By Emma Bartholomew
An Islington police officer who raped a teenage girl in the ’70s has been jailed for 17-and-a-half years.
Paul Kenneth Lamb, 73, of York, was found guilty of 19 sex offences at Hull Crown Court on May 7, following historical allegations of child abuse.
Lamb had previously pleaded guilty to charges relating to indecent images found on his digital device.
The charges were brought against Mr Lamb as part of an investigation into offences which took place during the 1970s in Islington, and in the 1980s in Yorkshire, when he ran a care home.
At the time of his offences in the ’70s, Lamb is understood to have been living in police accommodation in Caledonian Road and the victim was supposed to have been being looked after in a council-run children’s home.
Det Supt Phil Gadd said: “I am pleased Lamb was found guilty for his sickening and incomprehensible actions against vulnerable victims and that he will now serve a very long time behind bars.”
He commended Lamb’s victims for their “bravery and perseverance” throughout the long investigative process.
“They have displayed dignity and courage throughout this incredibly difficult time as their patience and understanding has been invaluable whilst we built a strong case against Lamb.
“They have had to carry with them the trauma of his criminal actions since their childhood and I sincerely hope that they are now able to feel some sense of justice has been achieved and they can look to hopefully move forward knowing he is in prison where he belongs.
The Islington Survivors Network (ISN), which supports people who were abused in council-run homes and foster care between the ’60s and ’90s, reported the Islington crime to the Met four years ago.
They are concerned that the case against Lamb wasn’t brought sooner, and claim they were told by officers in 2018 that Lamb couldn’t be traced.
But a spokesperson for the Met said the investigation had been passed to Humberside police “as they were conducting an investigation into a number of linked offences relating to the suspect who had moved to that area”.
Former Islington council social worker Liz Davies, who founded ISN, said: “We are relieved that Paul Lamb can no longer harm children. He had access to an Islington children’s home where the children should have been safe.
“At that time paedophiles had taken over the Islington homes in a systematic way and hundreds of children suffered the horrors of sexual and physical abuse and neglect.”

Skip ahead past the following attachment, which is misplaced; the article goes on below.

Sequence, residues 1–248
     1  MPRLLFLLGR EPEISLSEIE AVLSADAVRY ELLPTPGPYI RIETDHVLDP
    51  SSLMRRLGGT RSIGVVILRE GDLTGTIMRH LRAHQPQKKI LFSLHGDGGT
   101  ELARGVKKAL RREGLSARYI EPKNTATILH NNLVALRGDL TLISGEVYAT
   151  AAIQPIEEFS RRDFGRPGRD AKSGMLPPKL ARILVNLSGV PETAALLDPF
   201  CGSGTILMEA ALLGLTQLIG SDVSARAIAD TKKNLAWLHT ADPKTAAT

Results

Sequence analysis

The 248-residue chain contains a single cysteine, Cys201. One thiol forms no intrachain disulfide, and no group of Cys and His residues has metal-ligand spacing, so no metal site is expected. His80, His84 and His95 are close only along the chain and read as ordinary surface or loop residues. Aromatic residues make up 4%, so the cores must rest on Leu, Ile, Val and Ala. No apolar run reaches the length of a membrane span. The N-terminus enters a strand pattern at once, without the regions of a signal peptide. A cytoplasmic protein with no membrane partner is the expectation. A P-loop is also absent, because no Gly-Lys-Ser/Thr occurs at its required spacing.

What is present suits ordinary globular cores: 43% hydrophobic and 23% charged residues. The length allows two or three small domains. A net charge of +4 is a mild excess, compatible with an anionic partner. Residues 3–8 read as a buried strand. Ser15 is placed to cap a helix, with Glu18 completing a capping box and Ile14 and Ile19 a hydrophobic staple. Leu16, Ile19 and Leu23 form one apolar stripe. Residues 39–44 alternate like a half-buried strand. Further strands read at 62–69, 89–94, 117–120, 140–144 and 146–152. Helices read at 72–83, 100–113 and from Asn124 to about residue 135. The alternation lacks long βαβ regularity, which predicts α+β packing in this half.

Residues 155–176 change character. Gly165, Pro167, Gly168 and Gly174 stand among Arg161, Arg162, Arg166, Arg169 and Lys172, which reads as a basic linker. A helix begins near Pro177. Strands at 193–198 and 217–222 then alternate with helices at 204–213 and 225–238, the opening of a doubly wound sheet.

She added: “ISN is delighted that at last this serial abuser has been brought to justice, and glad to have helped police in their investigations, both in London and Hull.
“We are however deeply angry that Lamb was only able to abuse children across Britain for so long because in Islington, where he abused children long before Hull, council and social services covered up the vile abuse in its children’s homes.
“For decades it protected the many paedophiles who ran or worked in its homes, or, like Lamb, were allowed freely to visit them and prey on the children there.
“They got away with this despite the many attempts by victims, whistle blowers and campaigners since the 1990s to expose these paedophile rings and protect children in care.
“We wish all the victims find peace now – they have been immensely courageous and the Hull police listened and heard and acted with caring and sensitivity.”
Cllr Richard Watts, leader of Islington Council – which is currently consulting on whether to pay survivors of abuse who lived in its care homes a support payment of £8,000, without having to bring a civil compensation claim – said: “Abuse of children in Islington’s care homes was the worst chapter in the council’s history, and we are deeply sorry for the council’s past failure to protect vulnerable children.
“We strongly believe any new allegations or evidence of crime relating to non-recent child abuse should be reported to the police, so prosecutions can be successfully brought.
“We ask anyone with information about non-recent abuse to come forward and contact police so allegations or evidence of abuse can be properly investigated.
“The council today is a very different organisation from in the 1960s-1990s, and today protecting children from harm is its top priority.”